That would be my brother, Ryan. We are 21 months apart. We played sports together, solved computer/video games, built crazy forts, and competed in everything from music to academics to how many pancakes for breakfast. Ryan made me more competitive and an adventuresome.

 

What was the first job you had?  And what was the worst job you ever had?

It was as a part-time summer secretary at my Grandpa’s real estate/restaurant headquarters. I was 15. I had no idea what I was doing, but I felt important! My worst job was typing hand-written notes from dad’s business meetings.   Dad has a bad case of “physician’s handwriting”.

 

Whom would you say you admired most as you grew into adulthood?

I’ve always deeply admired people who decline glamor in favor of staying in the trenches. As I become an adult, I watched important mentors go through this process. It formed how I see my purpose. Something in me always hopes for approval and recognition, but this cannot be my driving force. Recognition and actual fulfillment/impact are sometimes not mutually inclusive.

 

What was one of the biggest mistakes you made that you learned most from?

Early at college, I learned what it means to be in community with others in a fresh way. But then I began to conform myself to friends, hoping to win their approval. I lost my confidence and personality.  It took a difficult illness and a rough break from those friends to wake me up.

 

How have you and Benjamin experienced God through your recent move east?

We feel so blessed by FCC, by our new friends at Yale Divinity School, and by our supportive families back in Illinois and Idaho. I see God here in Connecticut each day through many gentle, loving people who want to give their absolute best to their community.

 

Is there a favorite verse of Scripture or favorite hymn that means the most to you?

I love Horatio Spafford’s hymn, “It is Well”. My life’s trials are nowhere close to those Horatio Spafford experienced (extreme loss in the Great Chicago Fire and the loss of three daughters in a shipwreck), but I certainly have had to heavily rely on my hope in God throughout my life. As family members pass on, relationships change, and responsibilities become heavier, I must stay grounded in my hope in God.

Our world is broken.  Our nation is divided.  How can we find healing?  We must look to Jesus Christ of Nazareth.  Irrespective of what people believe about him we can learn from him.  The evil, hate and segregation that infects the human heart can be cured.  However, we cannot be silent, we cannot be afraid and we cannot do this alone.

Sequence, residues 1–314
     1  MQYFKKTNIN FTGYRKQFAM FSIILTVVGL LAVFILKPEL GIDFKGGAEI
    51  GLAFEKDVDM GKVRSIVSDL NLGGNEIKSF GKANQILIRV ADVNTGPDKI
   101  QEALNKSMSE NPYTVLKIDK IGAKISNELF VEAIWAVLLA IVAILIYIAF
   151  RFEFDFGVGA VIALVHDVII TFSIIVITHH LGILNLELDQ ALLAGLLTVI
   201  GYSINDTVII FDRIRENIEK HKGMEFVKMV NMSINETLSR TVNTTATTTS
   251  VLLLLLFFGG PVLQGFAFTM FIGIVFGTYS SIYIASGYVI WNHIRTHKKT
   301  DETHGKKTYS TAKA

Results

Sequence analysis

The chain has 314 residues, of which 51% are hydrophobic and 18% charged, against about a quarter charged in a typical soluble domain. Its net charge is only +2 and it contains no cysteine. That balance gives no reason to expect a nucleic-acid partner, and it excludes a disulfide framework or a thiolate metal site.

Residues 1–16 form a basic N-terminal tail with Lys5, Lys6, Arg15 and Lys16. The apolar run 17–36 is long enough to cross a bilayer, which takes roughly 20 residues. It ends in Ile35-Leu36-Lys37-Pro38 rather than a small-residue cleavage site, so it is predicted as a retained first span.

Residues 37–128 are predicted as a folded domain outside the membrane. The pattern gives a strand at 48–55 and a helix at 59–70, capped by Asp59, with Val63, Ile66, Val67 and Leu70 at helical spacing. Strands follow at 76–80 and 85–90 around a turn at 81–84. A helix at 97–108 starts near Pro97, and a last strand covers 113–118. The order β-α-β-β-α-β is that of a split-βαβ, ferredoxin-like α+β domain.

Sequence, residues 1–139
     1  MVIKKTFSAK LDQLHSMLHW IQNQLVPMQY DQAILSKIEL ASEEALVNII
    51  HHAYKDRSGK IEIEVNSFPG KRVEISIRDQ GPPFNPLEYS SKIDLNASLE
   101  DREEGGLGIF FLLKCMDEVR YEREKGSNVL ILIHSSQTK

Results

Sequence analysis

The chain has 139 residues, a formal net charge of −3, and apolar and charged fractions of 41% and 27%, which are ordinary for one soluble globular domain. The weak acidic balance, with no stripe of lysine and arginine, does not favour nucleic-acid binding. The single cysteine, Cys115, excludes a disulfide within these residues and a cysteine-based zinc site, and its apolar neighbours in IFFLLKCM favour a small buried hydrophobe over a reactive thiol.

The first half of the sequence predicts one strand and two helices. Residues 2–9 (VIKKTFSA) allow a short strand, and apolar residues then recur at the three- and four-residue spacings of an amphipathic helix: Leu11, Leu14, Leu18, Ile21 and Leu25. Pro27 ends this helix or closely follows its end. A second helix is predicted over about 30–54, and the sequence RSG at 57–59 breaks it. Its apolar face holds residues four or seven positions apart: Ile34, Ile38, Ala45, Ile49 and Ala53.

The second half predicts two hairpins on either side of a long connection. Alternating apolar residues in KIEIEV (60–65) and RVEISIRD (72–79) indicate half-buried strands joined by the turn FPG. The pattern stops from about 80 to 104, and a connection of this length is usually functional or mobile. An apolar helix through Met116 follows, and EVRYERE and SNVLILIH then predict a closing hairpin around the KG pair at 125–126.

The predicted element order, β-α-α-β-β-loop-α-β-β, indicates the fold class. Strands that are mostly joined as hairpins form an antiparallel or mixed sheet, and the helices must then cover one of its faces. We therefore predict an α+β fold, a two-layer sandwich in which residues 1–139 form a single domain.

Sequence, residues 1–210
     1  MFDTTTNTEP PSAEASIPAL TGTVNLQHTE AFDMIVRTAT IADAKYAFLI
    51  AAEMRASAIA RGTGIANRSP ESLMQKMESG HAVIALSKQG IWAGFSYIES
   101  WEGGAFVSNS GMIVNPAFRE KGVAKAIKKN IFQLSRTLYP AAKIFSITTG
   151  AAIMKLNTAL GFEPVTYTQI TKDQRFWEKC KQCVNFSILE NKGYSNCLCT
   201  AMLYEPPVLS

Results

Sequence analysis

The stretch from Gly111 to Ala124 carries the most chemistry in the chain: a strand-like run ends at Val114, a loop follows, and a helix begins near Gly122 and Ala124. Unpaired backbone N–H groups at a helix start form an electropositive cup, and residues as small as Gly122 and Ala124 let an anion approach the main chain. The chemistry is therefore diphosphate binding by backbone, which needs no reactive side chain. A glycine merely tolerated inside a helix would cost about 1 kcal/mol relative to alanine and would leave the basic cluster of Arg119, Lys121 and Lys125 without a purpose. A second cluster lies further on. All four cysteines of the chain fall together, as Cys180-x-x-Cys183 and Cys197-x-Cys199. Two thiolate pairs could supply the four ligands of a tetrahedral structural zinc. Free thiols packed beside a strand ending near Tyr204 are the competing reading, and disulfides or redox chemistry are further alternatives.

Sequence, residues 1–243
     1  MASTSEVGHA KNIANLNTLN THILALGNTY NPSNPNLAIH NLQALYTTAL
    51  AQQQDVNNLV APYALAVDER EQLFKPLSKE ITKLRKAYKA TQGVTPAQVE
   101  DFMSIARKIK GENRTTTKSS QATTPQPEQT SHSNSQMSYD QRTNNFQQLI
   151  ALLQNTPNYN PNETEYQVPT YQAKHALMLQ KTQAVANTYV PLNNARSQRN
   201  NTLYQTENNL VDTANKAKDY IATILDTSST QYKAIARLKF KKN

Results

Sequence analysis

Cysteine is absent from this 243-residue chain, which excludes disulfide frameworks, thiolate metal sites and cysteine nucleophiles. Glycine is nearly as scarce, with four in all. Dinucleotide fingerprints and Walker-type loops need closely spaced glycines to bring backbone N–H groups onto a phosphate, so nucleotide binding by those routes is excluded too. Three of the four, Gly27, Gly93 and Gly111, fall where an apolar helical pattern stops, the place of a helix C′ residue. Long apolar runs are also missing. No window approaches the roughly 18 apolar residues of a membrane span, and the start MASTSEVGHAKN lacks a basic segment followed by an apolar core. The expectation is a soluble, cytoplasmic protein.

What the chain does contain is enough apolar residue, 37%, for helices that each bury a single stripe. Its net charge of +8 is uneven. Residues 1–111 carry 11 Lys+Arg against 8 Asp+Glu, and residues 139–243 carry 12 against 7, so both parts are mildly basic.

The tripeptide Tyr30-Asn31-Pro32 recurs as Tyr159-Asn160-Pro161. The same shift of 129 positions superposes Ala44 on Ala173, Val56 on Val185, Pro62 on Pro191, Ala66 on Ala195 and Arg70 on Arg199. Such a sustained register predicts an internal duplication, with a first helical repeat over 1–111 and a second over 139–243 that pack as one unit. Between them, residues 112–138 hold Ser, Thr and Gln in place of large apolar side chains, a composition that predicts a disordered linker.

The terror that took place in Charlottesville, Virginia was appalling.  Quite frankly, I have VERY ill feelings towards people who preach hate.  I was desperately seeking God for guidance this week and I was led to, 1 John 4:20: “Those who say, ‘I love God,’ and hate their brothers or sisters, are liars; for those who do not love a brother or sister whom they have seen, cannot love God whom they have not seen.”  This verse, from our Holy Bible, has challenged me all week to go deeper with God.  I’ve been in conversations, on phone calls and in prayer with clergy about how the church can be a voice during a time such as this.

With all the opinions, blogs and articles being posted the national office, of The United Church of Christ, has sent a response that I share with you below:

August 15, 2017

As a response to the violent clashes between white supremacists and counter demonstrators in Charlottesville, Va., that left a woman dead and 19 injured, the national leadership of the United Church of Christ issued this Pastoral Letter:

Dear Members, Friends, Clergy, and Leaders of and within the United Church of Christ,

The Officers of the United Church of Christ and the Council of Conference Ministers have both composed a Pastoral Letter and a set of liturgical pieces. We share both with you now, and invite you to read the letter in your service of worship, add it to your website or social media pages, or print it in your newsletter or bulletin. Please feel free to incorporate any or all of the liturgical pieces in this week’s worship.

Pastoral Letter

Last weekend, a group of white supremacists came to Charlottesville, Virginia, and incited violence to protest the removal of a Confederate monument. Although protest is the bedrock of our nation’s democracy, coming in riot gear proves that they intended to do more than simply protest.